Following the construction industry and related legal topics in the United States.


Monday, March 26, 2007

What part of the contract do you not understand?

Surely this must have been a question for the court in Casey Indus., Inc. v. Seaboard Surety Co., 2006 WL 2850652 (E.D. Va. Oct. 2, 2006) -- but in the review of the opinion it looks as if it may have been overlooked. It certainly was not answered. Here was a case where a concrete subcontractor filed an action upon a payment bond issued in favor of the general contractor. The surety raised as a defense the "pay when paid" clause in the concrete subcontract. It was found that the Surety could not rely on the "pay when paid" clause as a defense to the payment bond claim. It is one thing to require that the contract, to include its pre-requisites for payment, be clearly incorporated in the bond to set forth the conditions for payment under a payment bond, but should one have to expressly, separately and distinctly incorporate the "pay when paid" clause into the bond agreement or, for that matter, any other specific conditions precedent, or otherwise, for payment to be entitled to utilize them as a defense to payment under the bond? While one would think this generally not necessary, under this opinion unless the "pay when paid" provision is expressly incorporated into the bond agreement, the surety may not assert the "pay when paid" language in the subcontract as a defense to a claim against the bond. The defense was unavailable as a matter of law. Thus, until this matter is further reviewed, revisited and revised, utmost specificity should be considered.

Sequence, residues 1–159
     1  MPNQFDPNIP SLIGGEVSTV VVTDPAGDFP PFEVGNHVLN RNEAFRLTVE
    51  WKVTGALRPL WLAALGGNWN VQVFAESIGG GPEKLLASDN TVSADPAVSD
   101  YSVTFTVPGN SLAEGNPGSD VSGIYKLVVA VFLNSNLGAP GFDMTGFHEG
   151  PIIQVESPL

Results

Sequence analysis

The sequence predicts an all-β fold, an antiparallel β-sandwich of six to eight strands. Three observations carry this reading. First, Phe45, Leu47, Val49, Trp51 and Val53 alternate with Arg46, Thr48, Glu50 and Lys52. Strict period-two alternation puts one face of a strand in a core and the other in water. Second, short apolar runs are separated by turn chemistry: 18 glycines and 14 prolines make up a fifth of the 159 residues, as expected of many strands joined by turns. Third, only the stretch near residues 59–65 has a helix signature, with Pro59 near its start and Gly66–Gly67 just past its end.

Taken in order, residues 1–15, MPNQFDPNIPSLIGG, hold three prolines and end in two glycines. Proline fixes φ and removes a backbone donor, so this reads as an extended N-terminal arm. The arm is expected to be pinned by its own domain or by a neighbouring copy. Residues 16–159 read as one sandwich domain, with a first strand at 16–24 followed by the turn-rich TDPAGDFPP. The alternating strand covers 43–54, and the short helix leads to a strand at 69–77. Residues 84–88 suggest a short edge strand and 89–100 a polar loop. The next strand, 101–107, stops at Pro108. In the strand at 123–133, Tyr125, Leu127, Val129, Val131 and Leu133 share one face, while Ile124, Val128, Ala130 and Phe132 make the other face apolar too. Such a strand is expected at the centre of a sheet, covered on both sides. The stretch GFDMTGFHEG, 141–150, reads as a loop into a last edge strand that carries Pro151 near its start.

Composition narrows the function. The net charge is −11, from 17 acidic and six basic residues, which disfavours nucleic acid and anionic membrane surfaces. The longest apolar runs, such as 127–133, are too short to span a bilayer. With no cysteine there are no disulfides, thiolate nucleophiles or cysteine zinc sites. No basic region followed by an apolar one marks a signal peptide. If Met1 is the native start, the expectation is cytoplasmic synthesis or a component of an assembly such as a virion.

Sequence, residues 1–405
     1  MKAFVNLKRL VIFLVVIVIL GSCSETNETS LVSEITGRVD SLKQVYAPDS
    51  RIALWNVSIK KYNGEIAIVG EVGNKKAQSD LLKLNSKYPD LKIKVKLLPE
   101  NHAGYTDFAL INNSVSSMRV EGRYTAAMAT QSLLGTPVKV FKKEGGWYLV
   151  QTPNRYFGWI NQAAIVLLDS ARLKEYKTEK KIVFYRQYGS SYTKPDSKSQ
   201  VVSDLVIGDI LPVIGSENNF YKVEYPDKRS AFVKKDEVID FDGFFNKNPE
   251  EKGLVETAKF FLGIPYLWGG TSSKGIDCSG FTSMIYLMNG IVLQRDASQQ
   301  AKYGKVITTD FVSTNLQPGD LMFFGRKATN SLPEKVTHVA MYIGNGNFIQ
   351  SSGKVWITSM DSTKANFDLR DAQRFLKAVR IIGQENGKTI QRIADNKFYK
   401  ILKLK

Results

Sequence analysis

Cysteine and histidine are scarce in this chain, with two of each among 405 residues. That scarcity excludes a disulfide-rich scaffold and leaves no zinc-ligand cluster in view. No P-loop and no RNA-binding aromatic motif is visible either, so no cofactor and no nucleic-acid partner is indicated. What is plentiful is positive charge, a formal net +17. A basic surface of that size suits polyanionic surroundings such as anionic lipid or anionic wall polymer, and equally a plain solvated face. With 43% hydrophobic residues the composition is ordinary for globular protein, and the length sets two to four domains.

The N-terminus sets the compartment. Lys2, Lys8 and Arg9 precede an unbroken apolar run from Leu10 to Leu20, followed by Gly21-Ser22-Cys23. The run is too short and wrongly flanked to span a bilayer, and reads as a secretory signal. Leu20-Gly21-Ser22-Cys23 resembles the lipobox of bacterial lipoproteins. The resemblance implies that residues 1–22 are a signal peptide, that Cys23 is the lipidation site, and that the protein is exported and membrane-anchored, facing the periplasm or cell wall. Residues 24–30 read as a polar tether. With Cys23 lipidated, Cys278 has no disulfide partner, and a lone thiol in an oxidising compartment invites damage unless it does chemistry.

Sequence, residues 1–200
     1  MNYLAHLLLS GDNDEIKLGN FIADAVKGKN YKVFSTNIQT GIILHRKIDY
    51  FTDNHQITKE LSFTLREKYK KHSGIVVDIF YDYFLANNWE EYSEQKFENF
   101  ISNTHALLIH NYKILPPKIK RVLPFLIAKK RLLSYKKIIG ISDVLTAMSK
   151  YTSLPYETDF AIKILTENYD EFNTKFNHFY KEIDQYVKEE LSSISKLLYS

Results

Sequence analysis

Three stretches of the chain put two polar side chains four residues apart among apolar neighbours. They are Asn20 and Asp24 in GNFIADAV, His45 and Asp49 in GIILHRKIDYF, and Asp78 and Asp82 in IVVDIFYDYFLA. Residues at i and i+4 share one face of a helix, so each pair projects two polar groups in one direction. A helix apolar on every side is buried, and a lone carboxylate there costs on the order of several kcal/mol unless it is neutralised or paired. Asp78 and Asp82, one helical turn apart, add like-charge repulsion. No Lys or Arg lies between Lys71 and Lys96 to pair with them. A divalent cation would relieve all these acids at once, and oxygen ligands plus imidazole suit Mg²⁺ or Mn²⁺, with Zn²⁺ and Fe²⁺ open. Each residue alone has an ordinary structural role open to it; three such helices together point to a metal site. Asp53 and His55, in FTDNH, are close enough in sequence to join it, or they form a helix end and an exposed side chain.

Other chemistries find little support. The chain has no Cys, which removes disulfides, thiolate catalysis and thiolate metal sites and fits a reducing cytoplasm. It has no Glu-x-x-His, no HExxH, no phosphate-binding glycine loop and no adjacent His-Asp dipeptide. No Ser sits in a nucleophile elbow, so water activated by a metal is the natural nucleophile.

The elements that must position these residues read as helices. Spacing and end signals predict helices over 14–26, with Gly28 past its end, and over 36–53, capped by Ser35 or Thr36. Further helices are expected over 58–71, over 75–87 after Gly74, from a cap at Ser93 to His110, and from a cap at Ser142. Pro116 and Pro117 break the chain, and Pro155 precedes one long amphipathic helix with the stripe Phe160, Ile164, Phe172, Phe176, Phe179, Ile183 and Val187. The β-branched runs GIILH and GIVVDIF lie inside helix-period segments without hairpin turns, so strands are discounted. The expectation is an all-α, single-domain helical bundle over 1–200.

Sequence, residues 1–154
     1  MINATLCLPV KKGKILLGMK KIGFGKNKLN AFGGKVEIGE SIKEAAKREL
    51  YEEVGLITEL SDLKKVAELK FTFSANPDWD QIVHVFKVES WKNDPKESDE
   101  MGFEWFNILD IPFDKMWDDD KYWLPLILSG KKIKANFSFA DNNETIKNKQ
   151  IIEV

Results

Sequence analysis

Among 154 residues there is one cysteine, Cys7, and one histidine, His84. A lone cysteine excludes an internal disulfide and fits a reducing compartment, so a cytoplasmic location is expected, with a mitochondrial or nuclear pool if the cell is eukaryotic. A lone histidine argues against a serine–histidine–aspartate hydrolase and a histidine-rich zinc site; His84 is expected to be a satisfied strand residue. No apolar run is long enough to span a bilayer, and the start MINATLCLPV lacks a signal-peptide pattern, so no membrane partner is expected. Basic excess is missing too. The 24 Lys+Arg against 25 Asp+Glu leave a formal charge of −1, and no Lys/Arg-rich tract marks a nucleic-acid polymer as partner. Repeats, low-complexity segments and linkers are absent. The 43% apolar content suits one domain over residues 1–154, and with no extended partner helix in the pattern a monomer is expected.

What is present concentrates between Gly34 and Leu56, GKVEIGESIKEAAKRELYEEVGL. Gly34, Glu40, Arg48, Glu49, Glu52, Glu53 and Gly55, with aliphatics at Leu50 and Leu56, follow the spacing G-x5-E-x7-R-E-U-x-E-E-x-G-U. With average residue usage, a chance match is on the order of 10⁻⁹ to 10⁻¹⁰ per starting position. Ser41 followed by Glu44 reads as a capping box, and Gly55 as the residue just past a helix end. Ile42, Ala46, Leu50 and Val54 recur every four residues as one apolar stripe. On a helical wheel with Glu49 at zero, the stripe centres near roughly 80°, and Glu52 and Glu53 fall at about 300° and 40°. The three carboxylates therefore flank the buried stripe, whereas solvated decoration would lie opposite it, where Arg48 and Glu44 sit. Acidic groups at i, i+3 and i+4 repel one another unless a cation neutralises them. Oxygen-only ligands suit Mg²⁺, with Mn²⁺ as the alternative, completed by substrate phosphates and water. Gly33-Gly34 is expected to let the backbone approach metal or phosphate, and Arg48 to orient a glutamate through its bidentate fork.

See also this case's treatment at the Construction Channel. (This entry was published by John Springer of Womble Carlyle's construction and real estate development practice group.)

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